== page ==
40

The documentation at https://github.com/pivotal/jasmine/wiki/Matchers includes the following:

expect(function(){fn();}).toThrow(e);

As discussed in this question, the following does not work, because we want to pass a function object to expect rather than the result of calling fn():

expect(fn()).toThrow(e);

Does the following work?

expect(fn).toThrow(e);

If I've defined an object thing with a method doIt, does the following work?

expect(thing.doIt).toThrow(e);

(If so, is there a way to pass arguments to the doIt method?)

Empirically the answer seems to be yes, but I don't trust my understanding of JavaScript scoping quite enough to be sure.

2

4 Answers 4

50

We can do away with the anonymous function wrapper by using Function.bind, which was introduced in ECMAScript 5. This works in the latest versions of browsers, and you can patch older browsers by defining the function yourself. An example definition is given at the Mozilla Developer Network.

Here's an example of how bind can be used with Jasmine.

describe('using bind with jasmine', function() {

    var f = function(x) {
        if(x === 2) {
            throw new Error();
        }
    }

    it('lets us avoid using an anonymous function', function() {
        expect(f.bind(null, 2)).toThrow();
    });

});

The first argument provided to bind is used as the this variable when f is called. Any additional arguments are passed to f when it is invoked. Here 2 is being passed as its first and only argument.

1
  • 1
    That works for me. Note: remember the null in f.bind( or your parameters will be one off in the called function. I missed that the first time. (I linked to this to make it easier for me to find :geekswithblogs.net/Aligned/archive/2013/03/21/…) Thanks!
    – AlignedDev
    Mar 21, 2013 at 19:12
6

Let’s take a look at the Jasmine source code:

try {
  this.actual();
} catch (e) {
  exception = e;
}
if (exception) {
  result = (expected === jasmine.undefined || this.env.equals_(exception.message || exception, expected.message || expected));
}

This is the core part of the toThrow method. So all the method does is to execute the method you want to expect and check if a exception was thrown.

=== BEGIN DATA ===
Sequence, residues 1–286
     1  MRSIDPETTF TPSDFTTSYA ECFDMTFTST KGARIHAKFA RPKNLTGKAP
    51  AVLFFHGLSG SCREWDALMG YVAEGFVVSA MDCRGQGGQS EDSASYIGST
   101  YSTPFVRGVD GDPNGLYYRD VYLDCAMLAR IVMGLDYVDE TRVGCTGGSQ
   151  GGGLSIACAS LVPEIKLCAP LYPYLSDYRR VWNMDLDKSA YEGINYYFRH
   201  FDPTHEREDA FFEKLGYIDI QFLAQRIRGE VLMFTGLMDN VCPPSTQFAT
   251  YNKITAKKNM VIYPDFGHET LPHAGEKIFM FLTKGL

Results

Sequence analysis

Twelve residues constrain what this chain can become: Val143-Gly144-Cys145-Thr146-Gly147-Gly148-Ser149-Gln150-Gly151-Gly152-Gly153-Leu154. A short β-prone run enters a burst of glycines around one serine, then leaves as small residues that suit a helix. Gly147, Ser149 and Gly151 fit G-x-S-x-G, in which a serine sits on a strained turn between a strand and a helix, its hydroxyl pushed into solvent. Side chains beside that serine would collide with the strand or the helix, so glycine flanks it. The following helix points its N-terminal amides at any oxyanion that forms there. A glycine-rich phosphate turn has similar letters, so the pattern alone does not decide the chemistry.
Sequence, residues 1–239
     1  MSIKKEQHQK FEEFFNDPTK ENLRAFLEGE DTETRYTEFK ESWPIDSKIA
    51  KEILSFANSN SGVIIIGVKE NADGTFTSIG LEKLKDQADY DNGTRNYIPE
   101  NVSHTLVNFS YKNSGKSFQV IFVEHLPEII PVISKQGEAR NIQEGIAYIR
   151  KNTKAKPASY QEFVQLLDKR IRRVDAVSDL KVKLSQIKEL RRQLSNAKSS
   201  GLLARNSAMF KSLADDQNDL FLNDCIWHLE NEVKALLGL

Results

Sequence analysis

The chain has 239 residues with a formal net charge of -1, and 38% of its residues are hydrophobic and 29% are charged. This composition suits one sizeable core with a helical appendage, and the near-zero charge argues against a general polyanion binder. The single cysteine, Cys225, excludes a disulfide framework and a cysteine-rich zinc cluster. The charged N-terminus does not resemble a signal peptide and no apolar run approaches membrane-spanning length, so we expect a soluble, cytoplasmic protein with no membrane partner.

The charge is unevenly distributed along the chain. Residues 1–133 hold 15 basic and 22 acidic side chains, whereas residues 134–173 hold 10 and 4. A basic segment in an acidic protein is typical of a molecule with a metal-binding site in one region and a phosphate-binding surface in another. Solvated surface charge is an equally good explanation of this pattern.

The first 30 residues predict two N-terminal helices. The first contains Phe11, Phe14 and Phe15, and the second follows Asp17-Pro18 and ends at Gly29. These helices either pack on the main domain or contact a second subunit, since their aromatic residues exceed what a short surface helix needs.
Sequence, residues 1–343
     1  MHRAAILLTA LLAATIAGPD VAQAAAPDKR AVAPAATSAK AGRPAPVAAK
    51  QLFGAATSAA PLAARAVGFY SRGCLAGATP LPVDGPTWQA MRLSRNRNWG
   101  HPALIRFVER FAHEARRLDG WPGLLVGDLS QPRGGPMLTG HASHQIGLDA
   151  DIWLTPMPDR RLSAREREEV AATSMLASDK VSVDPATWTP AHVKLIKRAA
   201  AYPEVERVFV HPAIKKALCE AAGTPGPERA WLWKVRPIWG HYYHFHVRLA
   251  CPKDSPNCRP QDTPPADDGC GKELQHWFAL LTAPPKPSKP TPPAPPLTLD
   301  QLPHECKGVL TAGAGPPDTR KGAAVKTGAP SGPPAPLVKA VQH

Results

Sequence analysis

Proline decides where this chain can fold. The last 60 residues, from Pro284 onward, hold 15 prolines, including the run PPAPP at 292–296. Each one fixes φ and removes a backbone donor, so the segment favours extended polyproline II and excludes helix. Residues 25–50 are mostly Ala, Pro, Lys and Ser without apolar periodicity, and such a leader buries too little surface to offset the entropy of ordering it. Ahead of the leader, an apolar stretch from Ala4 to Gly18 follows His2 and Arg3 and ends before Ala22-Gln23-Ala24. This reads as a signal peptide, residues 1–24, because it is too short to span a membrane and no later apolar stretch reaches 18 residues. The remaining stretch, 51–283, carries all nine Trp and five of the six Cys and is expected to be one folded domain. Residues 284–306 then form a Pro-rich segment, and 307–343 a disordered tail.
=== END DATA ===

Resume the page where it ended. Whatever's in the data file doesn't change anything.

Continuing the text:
So in your examples, fn or thing.doIt will be called in the Jasmine will check if an error was thrown and if the type of this error is the one you passed into toThrow .

2
  • Sadly, it seems that if I need to test a function that takes parameters, then I will need to wrap it with a function. Apr 5, 2012 at 17:14
  • Something seems to be missing near "called in the" (it is incomprehensible). Jan 8 at 0:26
5

If it is used like this:

expect(myTestFunction(arg)).toThrowAnyError(); // incorrect

Then the function myTestFunction(arg) is executed before expect(...) and throw an exception before Jasmine has any chance of doing anything and it crashes the test resulting in an automatic failure.

If the function myTestFunction(arg) is not throwing anything (i.e. the code is not working as expected), then Jasmine would only get the result of the function and check that for errors - which is incorrect.

To alleviate this, the code that is expected to throw an error is supposed to be wrapped in a function. This is passed to Jasmine which will execute it and check for the expected exception.

expect(() => myTestFunction(arg)).toThrowAnyError(); // correct

5

Sadly, it seems that if I need to test a function that takes parameters, then I will need to wrap it with a function.

I would rather have preferred,

expect(myTestFunction, arg1, arg2).toThrow();

But I am ok with explicitly doing

expect(function(){myTestFunction(arg1, arg2);}).toThrow("some error");

FYI, note that we can also use a regex match on error:

expect(function (){myTestFunction(arg1, arg2);}).toThrowError(/err/);
2
  • Jasmine 2.0 has toThrowError(/regex/) Jan 16, 2016 at 2:05
  • For the record, you can do expect(() => myTestFunction(arg1, arg2);}).toThrow(); 1. no need for argument in toThrow 2. less code, if you can do ES6
    – Jan Paepke
    Dec 22, 2020 at 0:49

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